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Chile's State mining company Codelco, still the biggest copper producer in the world, yesterday approved and signed into effect its biggest ever investment. The Chuquicamata mine is going to become an underground operation and it's going to cost U$3.3Bn to do the job. Some of the stats are pretty darned impressive about the job in hand such as the 180km of underground tunnels it'll start with and how they'll end up at over a thousand about 40 years down the line when the resource is depleted. But the one that really boggles the mind is the ventilation shaft they're going to build, which is 11m wide and a 918m deep, i.e. seven times the height of the Eiffel Tower (modern society's standard unit of measurement). Not a hole you'd want to fall into. More here for those with the necessary Castilian knowledge.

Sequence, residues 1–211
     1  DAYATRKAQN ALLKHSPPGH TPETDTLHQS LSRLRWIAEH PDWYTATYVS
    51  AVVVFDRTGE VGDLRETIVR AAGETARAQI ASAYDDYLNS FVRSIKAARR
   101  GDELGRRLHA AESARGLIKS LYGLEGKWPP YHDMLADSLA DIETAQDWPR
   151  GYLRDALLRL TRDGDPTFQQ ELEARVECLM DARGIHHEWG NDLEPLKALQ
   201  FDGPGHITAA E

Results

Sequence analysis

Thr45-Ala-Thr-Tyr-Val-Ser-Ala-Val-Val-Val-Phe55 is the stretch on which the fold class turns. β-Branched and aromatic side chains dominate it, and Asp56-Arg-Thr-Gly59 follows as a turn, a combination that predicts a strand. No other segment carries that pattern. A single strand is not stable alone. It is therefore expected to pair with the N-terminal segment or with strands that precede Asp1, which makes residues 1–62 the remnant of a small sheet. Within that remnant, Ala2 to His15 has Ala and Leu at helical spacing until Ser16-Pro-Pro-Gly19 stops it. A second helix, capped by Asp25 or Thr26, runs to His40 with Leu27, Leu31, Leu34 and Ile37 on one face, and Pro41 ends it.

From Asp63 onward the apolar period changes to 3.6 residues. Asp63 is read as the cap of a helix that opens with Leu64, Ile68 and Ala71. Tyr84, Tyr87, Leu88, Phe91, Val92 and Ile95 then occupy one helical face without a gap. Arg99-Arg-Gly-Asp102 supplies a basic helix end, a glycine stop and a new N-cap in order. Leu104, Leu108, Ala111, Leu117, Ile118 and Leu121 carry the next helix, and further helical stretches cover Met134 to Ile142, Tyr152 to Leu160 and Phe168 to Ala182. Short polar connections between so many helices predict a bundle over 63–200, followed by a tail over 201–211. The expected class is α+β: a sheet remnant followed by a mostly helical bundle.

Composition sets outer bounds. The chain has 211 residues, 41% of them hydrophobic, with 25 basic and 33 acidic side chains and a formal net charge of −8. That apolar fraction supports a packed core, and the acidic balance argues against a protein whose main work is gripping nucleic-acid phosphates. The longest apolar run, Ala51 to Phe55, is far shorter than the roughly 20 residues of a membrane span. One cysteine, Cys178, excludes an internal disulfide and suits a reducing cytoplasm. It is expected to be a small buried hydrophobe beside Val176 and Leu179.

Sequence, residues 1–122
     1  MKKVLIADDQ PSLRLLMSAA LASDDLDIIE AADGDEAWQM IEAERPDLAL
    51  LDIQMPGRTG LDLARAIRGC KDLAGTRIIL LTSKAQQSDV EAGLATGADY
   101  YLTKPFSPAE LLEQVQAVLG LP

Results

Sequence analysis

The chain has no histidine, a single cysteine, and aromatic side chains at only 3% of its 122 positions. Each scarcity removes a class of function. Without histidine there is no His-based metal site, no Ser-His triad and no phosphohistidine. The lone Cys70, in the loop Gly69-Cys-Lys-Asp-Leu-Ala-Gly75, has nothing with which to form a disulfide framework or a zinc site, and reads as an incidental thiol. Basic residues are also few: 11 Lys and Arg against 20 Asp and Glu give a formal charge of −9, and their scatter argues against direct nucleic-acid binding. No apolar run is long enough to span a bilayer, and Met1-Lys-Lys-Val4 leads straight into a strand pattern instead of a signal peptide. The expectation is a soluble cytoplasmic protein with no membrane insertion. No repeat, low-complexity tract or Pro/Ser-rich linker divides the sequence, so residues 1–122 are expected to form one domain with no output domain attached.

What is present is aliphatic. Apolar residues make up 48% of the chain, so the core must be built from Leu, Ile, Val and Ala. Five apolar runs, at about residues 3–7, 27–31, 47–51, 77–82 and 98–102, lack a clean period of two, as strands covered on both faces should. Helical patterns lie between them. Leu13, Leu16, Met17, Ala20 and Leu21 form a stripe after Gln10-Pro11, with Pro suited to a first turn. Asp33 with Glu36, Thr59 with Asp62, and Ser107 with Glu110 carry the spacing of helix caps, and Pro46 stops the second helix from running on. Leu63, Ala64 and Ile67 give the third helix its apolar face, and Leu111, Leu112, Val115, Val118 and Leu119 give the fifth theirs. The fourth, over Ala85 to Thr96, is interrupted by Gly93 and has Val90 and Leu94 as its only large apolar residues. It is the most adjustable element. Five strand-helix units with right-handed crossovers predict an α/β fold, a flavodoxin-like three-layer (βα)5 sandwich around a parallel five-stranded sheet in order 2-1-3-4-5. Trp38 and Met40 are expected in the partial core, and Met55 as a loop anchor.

It's notable the way the big players are still spending big on long-term copper infrastructure in Chile. Add in the $7Bn+ that BHP is ploughing into La Escondida (world single bigger copper mine), via site investment plus $3.5Bn or so on a desal plant that means it gets to run on seawater in the future. All at the same time as BHP warning that 2016 (a year out) will be one of the low production years for the mine...these dudes are looking to the serious future and don't share the marketwatcher's neuroses of every up or downtick.
Anyway, the Codelco news this week gives me the excuse to stick this one up here. Great tune.